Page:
After 30 years of answering phones, one woman is starting a new chapter of her life.
In less than two weeks, 911 Roanoke city dispatcher Cyndi Bowles will retire.
It’s a bitter sweet time for the Roanoke native. Bowles witnessed a number of changes within the walls of the call center, but now it's time to make a change for herself.
She has a voice thousands of people have heard and a face not many have seen.
"I never thought I'd stay this long,” said Bowles. “I really didn't."
After 30 years of public service, Bowles is hanging up her headset.
"You're bombarded constantly with people in their worst element,” she said.
Bowles first started working as a dispatcher in 1984. She was 23-years-old and working long shifts on what is now considered an antiquated system.
"When I first started there were no cell phones, no CAD, no computer aided dispatch or GPS."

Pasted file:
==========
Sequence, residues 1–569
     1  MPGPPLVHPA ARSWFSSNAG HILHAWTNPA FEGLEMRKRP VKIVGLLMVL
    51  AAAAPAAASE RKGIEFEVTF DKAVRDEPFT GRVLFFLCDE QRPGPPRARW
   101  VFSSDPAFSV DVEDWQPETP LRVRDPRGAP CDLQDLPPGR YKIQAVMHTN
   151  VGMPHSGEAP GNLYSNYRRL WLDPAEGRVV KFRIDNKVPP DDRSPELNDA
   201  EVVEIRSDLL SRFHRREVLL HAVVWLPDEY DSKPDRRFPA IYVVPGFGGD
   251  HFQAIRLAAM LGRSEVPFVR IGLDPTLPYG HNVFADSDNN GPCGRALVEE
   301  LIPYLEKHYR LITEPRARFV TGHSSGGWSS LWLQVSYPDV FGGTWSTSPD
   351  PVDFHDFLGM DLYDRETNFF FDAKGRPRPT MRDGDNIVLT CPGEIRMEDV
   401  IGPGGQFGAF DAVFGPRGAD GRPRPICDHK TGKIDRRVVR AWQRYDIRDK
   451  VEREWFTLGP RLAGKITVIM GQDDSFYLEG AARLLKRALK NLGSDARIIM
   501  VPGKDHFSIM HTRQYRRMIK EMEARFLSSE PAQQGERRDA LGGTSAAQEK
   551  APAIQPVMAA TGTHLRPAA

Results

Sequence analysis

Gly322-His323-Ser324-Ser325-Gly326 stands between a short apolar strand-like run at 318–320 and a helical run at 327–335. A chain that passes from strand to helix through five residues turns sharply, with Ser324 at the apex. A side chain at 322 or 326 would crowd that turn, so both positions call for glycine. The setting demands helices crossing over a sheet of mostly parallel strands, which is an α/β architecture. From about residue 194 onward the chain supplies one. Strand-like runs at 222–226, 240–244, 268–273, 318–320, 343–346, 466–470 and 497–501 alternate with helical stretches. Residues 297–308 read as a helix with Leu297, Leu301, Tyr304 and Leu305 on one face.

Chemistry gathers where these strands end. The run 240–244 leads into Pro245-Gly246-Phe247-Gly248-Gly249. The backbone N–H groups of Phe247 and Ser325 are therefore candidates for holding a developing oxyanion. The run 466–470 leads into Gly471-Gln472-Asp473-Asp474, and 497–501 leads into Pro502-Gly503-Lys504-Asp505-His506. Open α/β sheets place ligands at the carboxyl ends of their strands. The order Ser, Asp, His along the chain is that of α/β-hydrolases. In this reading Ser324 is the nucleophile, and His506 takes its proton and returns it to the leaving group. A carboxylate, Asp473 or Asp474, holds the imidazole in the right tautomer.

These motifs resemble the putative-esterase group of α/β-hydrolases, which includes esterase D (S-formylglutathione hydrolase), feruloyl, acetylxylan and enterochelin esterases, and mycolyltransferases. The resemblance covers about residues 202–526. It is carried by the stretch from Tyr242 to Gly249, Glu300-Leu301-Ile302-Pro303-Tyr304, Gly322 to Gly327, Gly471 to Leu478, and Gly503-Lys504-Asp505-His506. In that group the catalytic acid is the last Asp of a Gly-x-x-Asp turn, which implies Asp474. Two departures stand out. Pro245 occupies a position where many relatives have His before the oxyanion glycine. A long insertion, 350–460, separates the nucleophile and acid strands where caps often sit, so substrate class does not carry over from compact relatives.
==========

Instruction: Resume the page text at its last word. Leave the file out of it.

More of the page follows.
But there was paper.
Bowles said she spent the 80's hand writing emergencies on carbon copy paper and calling police officers, firefighters and medics to get them to a scene.
"When we had a call we had a list and we went from top of the list down and started calling until we could get a crew together,” she said.
It was the early 90's when the city of Roanoke went online and dispatching became easier and more importantly - faster.
“Wow,” she said. “It was a huge impact. Being able to track home phones, know when people are that couldn't speak. Sometimes you just hear an emergency. There's a lot of screaming and yelling."
And that's why Bowles said it takes a special person to do the job.
She's taken calls from complete strangers for the past 30 years and while most jobs have their ups and downs, Bowles said dispatching takes it to whole new level.
"We don't get a conclusion to the problem,” she said. “We don't hear what happened later on so you are just one right after another."
But Bowles will stop taking calls in just a few days.
She said she's looking forward to a new beginning and will always look back on the countless number of lives saved because of the work done within the call center walls.
"Sometimes it helps cause I like to think they all have happy endings, that justice prevails and it's one of the ways I get through it.”
Bowles last day is July 31.